As with the Konqueror example before this, you can save yourself a little time by bookmarking the folder of your choice. The problem with both of the suggestions I’ve made is that neither of them lets you permanently mount network drives. Accessing a particular folder requires that you do a little command line work, an easy enough process but not quite the point and click ease that Windows users on your network will want to see. Let’s have François refill our glasses while we take a look at a means to solve this dilemma. Mon ami, kindly do the honors for our guests.
For a more robust and flexible means of working in and with the network neighborhood, you simply must take a look at Smb4K, a super-classy SMB browser tool that is also flexible and powerful. Furthermore, it makes it possible to preview shares, mount shares locally (without the need to run as root), reconnect automatically on startup, and more. To get your copy of Smb4K, head on over to http://smb4k.berlios.de/index.php.
At the time of this writing, Smb4K was sitting at 0.3.2 release, but I found it a very capable package and definitely worth the time to investigate. Binary packages for Debian, SUSE, and Fedora are available from the site as is the full source. Building smb4k from source is as easy as the classic extract and build five-step.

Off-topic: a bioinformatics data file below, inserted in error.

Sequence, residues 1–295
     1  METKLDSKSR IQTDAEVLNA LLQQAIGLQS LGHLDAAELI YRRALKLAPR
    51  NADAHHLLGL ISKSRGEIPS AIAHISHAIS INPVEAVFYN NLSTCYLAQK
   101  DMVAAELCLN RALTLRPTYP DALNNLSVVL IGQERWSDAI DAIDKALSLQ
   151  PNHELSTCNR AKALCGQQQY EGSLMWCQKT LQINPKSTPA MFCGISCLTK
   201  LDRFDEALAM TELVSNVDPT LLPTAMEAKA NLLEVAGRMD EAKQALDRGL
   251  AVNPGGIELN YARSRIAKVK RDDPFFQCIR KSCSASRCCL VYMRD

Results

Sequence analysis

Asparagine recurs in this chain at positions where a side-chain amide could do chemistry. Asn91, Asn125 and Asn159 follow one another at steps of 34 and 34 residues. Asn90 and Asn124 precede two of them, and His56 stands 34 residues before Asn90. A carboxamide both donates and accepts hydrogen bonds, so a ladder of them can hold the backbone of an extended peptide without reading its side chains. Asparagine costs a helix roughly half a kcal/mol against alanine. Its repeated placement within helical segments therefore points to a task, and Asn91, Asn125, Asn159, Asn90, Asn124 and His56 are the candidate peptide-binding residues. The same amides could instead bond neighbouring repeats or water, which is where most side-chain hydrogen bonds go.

tar -xzvf smb4k-0.3.2.tar.gz
su -c "make install"
When you have installed the package, run the program by calling smb4k. As soon as you start Smb4K, it scans the network looking for active shares. You can fine tune the functionality, including options like whether you want shares to be automatically reconnected by clicking on Settings in the menu bar and selecting Configure Smb4K. The graphical interface is intuitive and easy to navigate and the package is very easy to use.
The display is divided into a left hand side navigation panel where workgroups, computers, and shares can be listed and navigated. To mount a share, right-click on it and select mount. If you would rather see what you are getting into first, choose Preview instead.
Mounted drives appear in the top right hand window as drive icons. Double-clicking on one of the drive icons calls Konqueror. If you run the df from the command line, you’ll see that the drives are now mounted for your use in your own home directory under an smb4k directory prefix. For instance, in the example in figure 5, the listing looks like this.
Filesystem Size Used Avail Use% Mounted on
//SEDNA/Reports 4.0G 3.0G 1.1G 75% /home/marcel/smb4k/SEDNA/Reports
//FRANCOIS/wine 13G 8.8G 3.3G 73% /home/marcel/smb4k/FRANCOIS/wine
Now, any of my applications, whether KDE, GNOME, shell-based, or anything for that matter, can access the shares. Being part of the neighborhood has never been easier.
Mon Dieu, mes amis, closing time has come so quickly. François, would you be so kind at to refill our guests’ glasses a final time. We certainly don’t want anyone going home cross, and with the items on today’s menu, the neighborhood’s doors will all be open to you. That’s certainly something to smile about. Until next time, mes amis, let us all drink to one another’s health.
A votre santé! Bon appétit!
KDE and Konqueror